As cities and towns across the country rattle and roll with aftershocks and the clean-up from the recent earthquake continues, there will be thousands of people looking to the experiences of those in Canterbury for ideas about what to do next.
At this early stage, we are seeing positive improvements in process.
We are seeing local and central government and community coming together - as is often the case the local marae has taken in hundreds of stranded people, while Ngai Tahu iwi stepped in quickly with donations - including tonnes of kaimoana.
However, we are also seeing decisions being made from afar without the necessary engagement with the affected people on the ground. The decision making around the access of Hurunui farmers to their farms looks like an example of that. Thankfully, the Minister of Civil Defence and the Hurunui Mayor got involved, but it shouldn’t have taken their involvement to get the local views better listened to.
It is important that we continue to build on the achievements and learnings for the good of the people impacted this time, as well as to show Canterbury residents that their experiences were not in vain.
It is important that we look to things like the Commission’s best practice guidelines for prioritising vulnerable customers, which were developed for members of the Insurance Council of New Zealand following the Canterbury earthquakes, for the right way to do things moving forward.
Earlier this month, the Commission released a report that focused on the human rights impacts of the Canterbury residential red zone decisions and laid out a very clear case for property rights in New Zealand to be better protected.
‘Staying in the Red Zones: Monitoring human rights in the Canterbury earthquake recovery’ now serves as a guide for the Government, insurers, local councils, service providers and those who have a role to play in disaster preparedness, prevention and recovery as to what to do better this time.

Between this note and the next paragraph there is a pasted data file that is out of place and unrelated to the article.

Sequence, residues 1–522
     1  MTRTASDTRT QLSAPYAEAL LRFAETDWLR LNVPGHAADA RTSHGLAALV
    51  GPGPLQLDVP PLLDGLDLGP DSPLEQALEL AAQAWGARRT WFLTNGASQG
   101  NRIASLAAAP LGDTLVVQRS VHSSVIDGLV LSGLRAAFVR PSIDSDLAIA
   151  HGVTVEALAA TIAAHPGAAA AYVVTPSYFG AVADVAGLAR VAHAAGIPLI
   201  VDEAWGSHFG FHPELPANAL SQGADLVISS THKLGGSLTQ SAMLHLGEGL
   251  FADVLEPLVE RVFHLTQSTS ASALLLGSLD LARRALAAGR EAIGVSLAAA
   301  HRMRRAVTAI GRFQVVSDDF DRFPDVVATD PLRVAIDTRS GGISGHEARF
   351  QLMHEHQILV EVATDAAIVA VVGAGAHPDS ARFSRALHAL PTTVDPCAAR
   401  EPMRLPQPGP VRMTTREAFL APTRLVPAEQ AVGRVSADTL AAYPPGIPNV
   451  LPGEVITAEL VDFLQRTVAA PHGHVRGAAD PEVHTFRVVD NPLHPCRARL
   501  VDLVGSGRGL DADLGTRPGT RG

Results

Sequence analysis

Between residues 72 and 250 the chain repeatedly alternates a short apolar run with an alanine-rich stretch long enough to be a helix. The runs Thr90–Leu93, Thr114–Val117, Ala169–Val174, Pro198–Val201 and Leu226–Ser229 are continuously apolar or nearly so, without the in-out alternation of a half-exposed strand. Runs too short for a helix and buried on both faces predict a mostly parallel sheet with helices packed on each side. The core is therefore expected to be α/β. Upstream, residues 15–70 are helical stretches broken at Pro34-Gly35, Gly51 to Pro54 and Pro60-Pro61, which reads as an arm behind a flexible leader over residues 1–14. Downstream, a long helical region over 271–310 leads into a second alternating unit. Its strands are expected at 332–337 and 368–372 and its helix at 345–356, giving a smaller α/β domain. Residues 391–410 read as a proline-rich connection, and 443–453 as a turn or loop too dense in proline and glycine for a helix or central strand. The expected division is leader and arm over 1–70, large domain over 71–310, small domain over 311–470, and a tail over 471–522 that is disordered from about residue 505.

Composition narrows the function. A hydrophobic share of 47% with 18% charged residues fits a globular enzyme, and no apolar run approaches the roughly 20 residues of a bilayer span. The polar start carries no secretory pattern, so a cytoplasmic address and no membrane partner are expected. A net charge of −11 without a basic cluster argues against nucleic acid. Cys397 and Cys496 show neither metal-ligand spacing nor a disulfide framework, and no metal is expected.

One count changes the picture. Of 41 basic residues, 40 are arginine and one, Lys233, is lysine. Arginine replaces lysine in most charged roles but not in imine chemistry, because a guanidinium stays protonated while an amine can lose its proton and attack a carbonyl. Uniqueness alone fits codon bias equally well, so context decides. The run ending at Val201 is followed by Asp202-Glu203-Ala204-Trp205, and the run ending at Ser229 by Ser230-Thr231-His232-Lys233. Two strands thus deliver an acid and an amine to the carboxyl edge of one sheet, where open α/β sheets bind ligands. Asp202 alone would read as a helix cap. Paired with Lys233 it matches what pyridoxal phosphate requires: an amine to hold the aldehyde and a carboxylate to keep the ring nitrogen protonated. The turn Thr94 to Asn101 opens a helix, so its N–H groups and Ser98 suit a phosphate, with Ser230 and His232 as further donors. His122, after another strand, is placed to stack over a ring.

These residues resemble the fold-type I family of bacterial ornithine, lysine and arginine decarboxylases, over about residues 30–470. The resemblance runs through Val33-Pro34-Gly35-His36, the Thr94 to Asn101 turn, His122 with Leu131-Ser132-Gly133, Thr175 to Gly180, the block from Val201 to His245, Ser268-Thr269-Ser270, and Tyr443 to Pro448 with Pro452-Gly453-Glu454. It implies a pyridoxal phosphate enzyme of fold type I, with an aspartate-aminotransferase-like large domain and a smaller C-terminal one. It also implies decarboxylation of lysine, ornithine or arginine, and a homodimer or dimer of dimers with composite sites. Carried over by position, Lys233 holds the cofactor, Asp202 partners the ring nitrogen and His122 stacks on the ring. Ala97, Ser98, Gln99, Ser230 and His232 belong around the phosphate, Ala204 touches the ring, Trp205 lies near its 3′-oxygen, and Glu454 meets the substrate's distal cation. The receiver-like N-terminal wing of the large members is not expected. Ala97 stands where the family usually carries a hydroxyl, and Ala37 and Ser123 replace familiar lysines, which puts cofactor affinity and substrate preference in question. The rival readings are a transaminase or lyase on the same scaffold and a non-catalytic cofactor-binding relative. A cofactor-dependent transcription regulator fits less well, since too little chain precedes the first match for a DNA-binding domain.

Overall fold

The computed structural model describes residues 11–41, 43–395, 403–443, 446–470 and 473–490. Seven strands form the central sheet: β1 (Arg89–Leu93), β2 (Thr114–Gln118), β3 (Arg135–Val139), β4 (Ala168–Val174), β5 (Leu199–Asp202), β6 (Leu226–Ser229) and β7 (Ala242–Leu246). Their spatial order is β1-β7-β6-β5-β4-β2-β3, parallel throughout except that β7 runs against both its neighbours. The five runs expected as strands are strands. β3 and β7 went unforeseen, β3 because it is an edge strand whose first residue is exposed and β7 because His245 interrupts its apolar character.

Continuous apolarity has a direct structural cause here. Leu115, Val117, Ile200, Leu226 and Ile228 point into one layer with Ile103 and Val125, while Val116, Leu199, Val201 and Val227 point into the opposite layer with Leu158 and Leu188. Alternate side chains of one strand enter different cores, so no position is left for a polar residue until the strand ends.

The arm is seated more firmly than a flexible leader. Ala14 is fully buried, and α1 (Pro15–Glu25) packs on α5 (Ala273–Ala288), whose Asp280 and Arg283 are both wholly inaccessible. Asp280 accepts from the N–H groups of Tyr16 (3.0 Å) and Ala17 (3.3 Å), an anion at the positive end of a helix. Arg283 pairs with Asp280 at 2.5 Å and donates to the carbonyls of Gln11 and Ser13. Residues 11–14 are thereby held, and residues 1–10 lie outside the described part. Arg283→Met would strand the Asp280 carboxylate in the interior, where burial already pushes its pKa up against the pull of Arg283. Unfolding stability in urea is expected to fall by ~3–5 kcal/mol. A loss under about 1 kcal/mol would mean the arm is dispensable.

When writing the report, we imagined that the future scenario for putting into practice what we all learned from Christchurch would be further off than this. In the report, we included a Human Rights Checklist to improve processes and outcomes for those impacted by disaster.
The checklist can be summed up in four key concepts – communication, recognition, participation and legislation.
First, communication needs of people affected by disasters are not confined to the immediate post- disaster period. Affected people need information to make decisions, they need to participate in decisions that affect them and their communities, and they need coordinated service delivery.
Second, recognition of people’s needs, situations and experiences is vital to providing the best solutions.
There is no one-size-fits-all for disasters: there needs to be flexibility to consider individual circumstances. No two peoples’ experiences will be the same and recognising those differences will have a huge influence on how people feel in the coming weeks, months and years.
Third, ensure people are given the opportunity to participate and engage meaningfully in the design, planning and implementation of the various stages of the disaster response. The requirement to act quickly must be weighed against the need to actively engage community in the design and implementation of solutions.
A ‘nothing about us without us’ approach requires time, resources, and public and political will, but is essential to ensure that people are not passive recipients of disaster recovery response and risk reduction, but are actively involved in shaping it.
Finally, ensure that all recovery activity is guided by legislation and limited to the powers provided by Parliament. The need to better protect property laws in New Zealand was a key finding from the report and is an issue that remains unresolved.
The better protection of property rights will not happen overnight and our immediate focus needs to be on helping those badly affected by the most recent quakes get back on their feet.